Saturday, January 28, 2017
A Pleasant Return to Yesteryear
Yesterday, I walked--slowly, slowly! (ice!)--up to the chapel at Western Reserve Academy, where I taught the final decade of my career (2001-2011). One of best students my first year was Sulome Anderson, who, I recognized very quickly, was one of the finest writers I'd ever taught. She was mechanically flawless--but her sentences were sinuous, even complicated. But she handled it all with aplomb.
So I can't say that I was at all surprised--just happy!--to learn that she has recently published a book, The Hostage's Daughter: A Memoir of Family, Madness, and the Middle East (Dey St., 2016), a work that earned a terrific review in the New York Times, whose reviewer called it "a complex and engaging memoir." (Link to the entire review.)
Sulome is the daughter of journalist Terry Anderson, snatched by terrorists in Beirut in 1985 and held in grim captivity for seven years. Sulome was not quite yet born when this occurred and so did not actually meet her father until late 1991 when he was finally released.
I'm going to blog a bit more about the book itself in my "Sunday Sundries" tomorrow--but I'll just say here that I consumed it in two bursts in a single day. Rapid but revelatory prose.
Anyway, Sulome had returned to her former high school to talk with the students about her experiences, her book--and to speak with them, as well, about how they ought to go about their lives. The word empathy came up a lot in her talk (I silently applauded each time), a word she has a deep appreciation for because, you see, she is now a journalist in the Middle East, spending months every year in Lebanon (and elsewhere), facing danger and devastation so frequently as to astonish me. She radiates courage--but is far, far too self-effacing to aim the spotlight at herself.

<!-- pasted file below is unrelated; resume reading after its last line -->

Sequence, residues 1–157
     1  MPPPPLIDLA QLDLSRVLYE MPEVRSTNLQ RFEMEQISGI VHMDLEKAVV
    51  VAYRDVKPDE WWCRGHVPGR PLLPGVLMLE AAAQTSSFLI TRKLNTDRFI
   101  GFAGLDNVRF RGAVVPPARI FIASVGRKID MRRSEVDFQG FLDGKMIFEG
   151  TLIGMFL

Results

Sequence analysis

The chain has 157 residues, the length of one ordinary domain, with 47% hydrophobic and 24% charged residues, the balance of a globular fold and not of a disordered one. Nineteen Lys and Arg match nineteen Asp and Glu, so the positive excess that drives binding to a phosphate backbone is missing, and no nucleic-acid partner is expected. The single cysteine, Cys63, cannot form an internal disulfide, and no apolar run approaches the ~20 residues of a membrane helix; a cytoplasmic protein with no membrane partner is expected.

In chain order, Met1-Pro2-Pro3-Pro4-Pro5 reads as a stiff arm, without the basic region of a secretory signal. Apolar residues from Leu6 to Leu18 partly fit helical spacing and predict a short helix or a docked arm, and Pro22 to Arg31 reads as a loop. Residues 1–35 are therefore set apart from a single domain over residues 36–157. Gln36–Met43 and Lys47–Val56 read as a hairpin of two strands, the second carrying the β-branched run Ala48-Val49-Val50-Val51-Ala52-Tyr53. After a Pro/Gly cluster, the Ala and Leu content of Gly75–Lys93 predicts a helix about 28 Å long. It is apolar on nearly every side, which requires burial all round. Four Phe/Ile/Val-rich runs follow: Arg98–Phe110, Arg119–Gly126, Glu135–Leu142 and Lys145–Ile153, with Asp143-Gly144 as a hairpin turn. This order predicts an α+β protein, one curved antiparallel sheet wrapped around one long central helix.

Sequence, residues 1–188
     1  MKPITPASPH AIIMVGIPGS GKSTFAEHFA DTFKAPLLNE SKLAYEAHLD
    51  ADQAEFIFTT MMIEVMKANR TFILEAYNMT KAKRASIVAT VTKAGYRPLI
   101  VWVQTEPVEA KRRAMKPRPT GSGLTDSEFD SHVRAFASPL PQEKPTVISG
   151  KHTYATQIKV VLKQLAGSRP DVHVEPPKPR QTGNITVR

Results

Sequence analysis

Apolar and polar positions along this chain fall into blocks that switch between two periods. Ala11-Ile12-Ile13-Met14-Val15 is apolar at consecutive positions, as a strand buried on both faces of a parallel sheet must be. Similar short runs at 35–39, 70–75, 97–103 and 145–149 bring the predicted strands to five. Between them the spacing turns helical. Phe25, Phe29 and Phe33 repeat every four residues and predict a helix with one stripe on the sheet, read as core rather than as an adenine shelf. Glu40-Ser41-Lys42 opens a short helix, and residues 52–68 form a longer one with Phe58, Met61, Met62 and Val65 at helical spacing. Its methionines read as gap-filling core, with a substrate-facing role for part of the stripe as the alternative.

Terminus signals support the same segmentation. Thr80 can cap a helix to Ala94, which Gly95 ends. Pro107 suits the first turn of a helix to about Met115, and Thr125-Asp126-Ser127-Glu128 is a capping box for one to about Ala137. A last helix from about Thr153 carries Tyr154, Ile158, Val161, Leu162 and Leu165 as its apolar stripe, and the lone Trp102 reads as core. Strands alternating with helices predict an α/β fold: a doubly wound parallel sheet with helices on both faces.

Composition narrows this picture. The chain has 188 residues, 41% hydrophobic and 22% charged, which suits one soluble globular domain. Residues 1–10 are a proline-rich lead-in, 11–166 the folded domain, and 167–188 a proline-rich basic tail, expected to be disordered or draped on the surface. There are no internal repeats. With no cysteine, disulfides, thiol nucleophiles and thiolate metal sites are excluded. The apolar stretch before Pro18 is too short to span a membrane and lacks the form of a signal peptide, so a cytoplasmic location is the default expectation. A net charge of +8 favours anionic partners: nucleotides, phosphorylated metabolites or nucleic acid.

She wants us to notice the forgotten ones, the ones who suffer more every hour than most of us do in a lifetime.
The students were very receptive, were full of questions, and, later, I was happy to be among those to have lunch with her (the chocolate-chip cookies reminding me how sweet sin can be). So great to talk with her again and to see that in fundamental ways she remains the Sulome I knew--but who, by finding the identity and purpose that she had sought in high school, has moved beyond potential into a most admirable adulthood.
She spent the entire day at the school, visiting classes, attending a student production in the evening of Twelve Angry Jurors (a play I used to teach in Aurora--Back in the Day), and socializing with so many of the teachers who had taught and admired her.
I can think of few experiences as important for students as seeing one of their own become such an inspirational but humble figure.